- Cooper has overcome Tommy John surgery and enters his redshirt junior year as the 38th best college prospect in the nation, according to Baseball America.
- He may be country and ride a bull occasionally like his father, but he's dead serious on returning Longhorn baseball to national prominence.
- New coach David Pierce likes his set of arms on this Texas staff, but calls Cooper his Friday night starter as the Longhorns open the season Friday against Rice.
Morgan Cooper remembers it like it was yesterday.
Well, he remembers some of it.
The first time David Pierce gathered his baseball team at Disch-Falk Field, Texas’ new head coach addressed the players and asked for something along the lines of name, rank and serial number. Basic info like a player’s name, his classification in school and one interesting fact about himself.
Each stood up and shared. Some mentioned baseball achievements, others family members. One freshman said he’d spent the summer working as a deckhand on a deep sea fishing boat in Corpus Christi.
And what did Cooper share?
“I really can’t remember,” he said, shaking his head. “It must not have been that interesting.”
So we’ll fill in the gaps.
Cooper’s the pride of Jarrell, a city that’s known more for the devastating F5 tornado in May 1997 that killed 28 people in the small Central Texas town and caused $127 million in damage. “That’s the only reason people know about it,” he said.
Cooper’s pretty country. Who wouldn’t be after growing up on an 80-acre spread where his one-time bull-riding dad raises about 100 head of cattle and once rode bulls in college at Texas State. Cooper jokes, “You can barely walk around in boots around here without people giving you crap about being country. Or camo gear.”
At 22, Cooper’s older than most of his teammates. “I’m grandpa in the locker room,” he kids.
An avid hunter, he killed his first deer when he was 5 and has an 8-point buck mounted at his apartment.
There’s another thing fairly interesting about the tall right-handed pitcher.
He’s the Longhorns’ ace.
Or needs to be, if the proudest baseball program in the country, one that has produced the two all-time winningest coaches in the game in Pierce’s predecessor, Augie Garrido, and Cliff Gustafson, and more victories than any other major college by more than 600 wins, is to restore its reputation as an elite franchise. Several lackluster seasons have cost Texas richly. When the Longhorns don’t even qualify for the NCAA Tournament — and it hasn’t in three of the last five years — it registers.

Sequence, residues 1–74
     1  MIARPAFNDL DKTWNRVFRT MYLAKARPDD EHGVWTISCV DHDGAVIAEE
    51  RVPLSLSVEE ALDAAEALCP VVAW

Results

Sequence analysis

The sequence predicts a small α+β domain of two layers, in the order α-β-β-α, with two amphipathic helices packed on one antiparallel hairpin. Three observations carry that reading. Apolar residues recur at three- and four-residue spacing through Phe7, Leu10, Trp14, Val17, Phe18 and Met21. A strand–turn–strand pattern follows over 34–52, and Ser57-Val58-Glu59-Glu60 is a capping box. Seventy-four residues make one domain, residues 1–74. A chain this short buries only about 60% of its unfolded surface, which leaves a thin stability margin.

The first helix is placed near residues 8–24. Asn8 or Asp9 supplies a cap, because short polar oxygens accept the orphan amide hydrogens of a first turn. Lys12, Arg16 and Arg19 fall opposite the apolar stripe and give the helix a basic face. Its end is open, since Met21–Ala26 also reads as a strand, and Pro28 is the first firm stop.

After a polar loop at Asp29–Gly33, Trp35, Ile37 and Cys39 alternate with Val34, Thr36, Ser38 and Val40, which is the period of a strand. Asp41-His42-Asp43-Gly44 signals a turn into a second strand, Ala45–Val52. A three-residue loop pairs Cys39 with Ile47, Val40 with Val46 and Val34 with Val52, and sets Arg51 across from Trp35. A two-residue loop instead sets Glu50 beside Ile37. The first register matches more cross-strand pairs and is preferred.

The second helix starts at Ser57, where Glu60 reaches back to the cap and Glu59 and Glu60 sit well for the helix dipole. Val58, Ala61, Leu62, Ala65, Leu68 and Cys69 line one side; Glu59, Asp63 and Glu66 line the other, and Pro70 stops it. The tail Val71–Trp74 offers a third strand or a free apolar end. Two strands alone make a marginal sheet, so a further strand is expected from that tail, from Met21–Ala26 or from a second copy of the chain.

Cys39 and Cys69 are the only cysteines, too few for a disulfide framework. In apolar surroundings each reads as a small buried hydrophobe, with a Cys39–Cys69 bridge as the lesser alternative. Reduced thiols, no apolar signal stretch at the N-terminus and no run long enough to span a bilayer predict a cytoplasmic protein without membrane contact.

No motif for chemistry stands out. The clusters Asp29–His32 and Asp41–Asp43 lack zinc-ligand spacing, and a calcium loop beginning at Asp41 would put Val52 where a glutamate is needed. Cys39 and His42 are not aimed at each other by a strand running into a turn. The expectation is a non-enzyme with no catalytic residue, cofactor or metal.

“Oh, it hurts. It hurts all of us,” Cooper said. “You walk down the halls here and see all the greats who have played here, and it’s been embarrassing. Very embarrassing. We know we should be beating people left and right. I won’t lie. We’re very good on paper.”
Cooper’s used to things hurting.
He threw with pain for about two years in high school and in his freshman season with the Longhorns before frayed ligaments in his right elbow tore away, necessitating Tommy John surgery that cost him a full season and robbed him of any effectiveness and much of his confidence last year.
But what’s really compelling about Cooper’s story is that he’s fully healthy now. The 6-4, 211-pound redshirt junior doesn’t like to dwell on either his past or his team’s because, as he put it recently, “I’ll be firing on all cylinders. I can forget about what happened.”
Not all of it, of course.
He started his college career with a strong 4-2 season with an impressive 2.89 ERA, but surgery followed and knocked him off track. He sat out a year, then muddled through a disappointing sophomore season when he didn’t totally trust his arm.
Now 42 career appearances later with only a 7-7 record to show for it, Cooper’s on the brink of a breakthrough season, one that should dispel any notions he’s no longer the power pitcher with the tremendous curve ball and a great upside. The curve was his go-to pitch, but a hard-biting slider should complete a repertoire that includes a fastball in the 92-94 mph range.
“Morgan’s our Friday night starter right now,” Pierce said. “We’ve got some very good guys on the mound. A guy like Morgan has great stuff.”
Stuff like the Clemenses and Kieschnicks, Swindells and Dressendorfers had.
He reminded Longhorns fans of that stuff in his final appearance last season when he threw his first career complete game in a run-rule shortened, seven-inning win over Baylor in the Big 12 Tournament. He struck out three and didn’t walk a batter. He’s ranked as the 38th top prospect among the top 100 college players by Baseball America after getting drafted in the 34th round by the Nationals last summer, so expectations are high.
“I just need to prove not necessarily that I belong here, but I feel last year was a very shallow showing of who I am and how I pitch,” Cooper said. “I know I am better than I showed. I’m good enough to be successful. When I pitch, I never doubt myself.”
Some may doubt the team since it’s struggled to regain the stature that has made Texas a six-time national champion. Shorter fences, a fresh approach, especially offensively and lots of arms could help that resurrection, and Cooper will play a large role.
“I don’t think we skipped a beat in the fall,” Cooper said. “We know we’re talented. Am I the ace of the staff? I have no idea. It’s something I’ve got to prove.”
And that will be interesting to follow.